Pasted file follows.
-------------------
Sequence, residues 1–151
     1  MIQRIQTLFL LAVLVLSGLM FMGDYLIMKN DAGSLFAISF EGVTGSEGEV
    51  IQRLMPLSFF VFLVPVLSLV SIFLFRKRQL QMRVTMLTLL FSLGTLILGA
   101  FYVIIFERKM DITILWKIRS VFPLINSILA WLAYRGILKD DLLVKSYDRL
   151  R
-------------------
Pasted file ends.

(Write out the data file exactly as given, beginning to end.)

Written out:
Sequence, residues 1–151
     1  MIQRIQTLFL LAVLVLSGLM FMGDYLIMKN DAGSLFAISF EGVTGSEGEV
    51  IQRLMPLSFF VFLVPVLSLV SIFLFRKRQL QMRVTMLTLL FSLGTLILGA
   101  FYVIIFERKM DITILWKIRS VFPLINSILA WLAYRGILKD DLLVKSYDRL
   151  R